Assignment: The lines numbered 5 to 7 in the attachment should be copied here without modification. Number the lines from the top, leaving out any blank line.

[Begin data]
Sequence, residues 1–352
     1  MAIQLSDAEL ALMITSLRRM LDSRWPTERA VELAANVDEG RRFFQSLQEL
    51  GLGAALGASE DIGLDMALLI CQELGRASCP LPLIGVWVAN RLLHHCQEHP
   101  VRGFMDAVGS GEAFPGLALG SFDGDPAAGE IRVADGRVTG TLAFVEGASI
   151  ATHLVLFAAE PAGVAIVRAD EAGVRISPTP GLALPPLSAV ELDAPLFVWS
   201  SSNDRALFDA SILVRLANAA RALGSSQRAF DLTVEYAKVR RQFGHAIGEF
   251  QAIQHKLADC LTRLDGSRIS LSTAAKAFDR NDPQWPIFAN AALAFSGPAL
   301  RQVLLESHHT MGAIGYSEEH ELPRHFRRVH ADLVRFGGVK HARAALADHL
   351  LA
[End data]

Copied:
   151  ATHLVLFAAE PAGVAIVRAD EAGVRISPTP GLALPPLSAV ELDAPLFVWS
   201  SSNDRALFDA SILVRLANAA RALGSSQRAF DLTVEYAKVR RQFGHAIGEF
   251  QAIQHKLADC LTRLDGSRIS LSTAAKAFDR NDPQWPIFAN AALAFSGPAL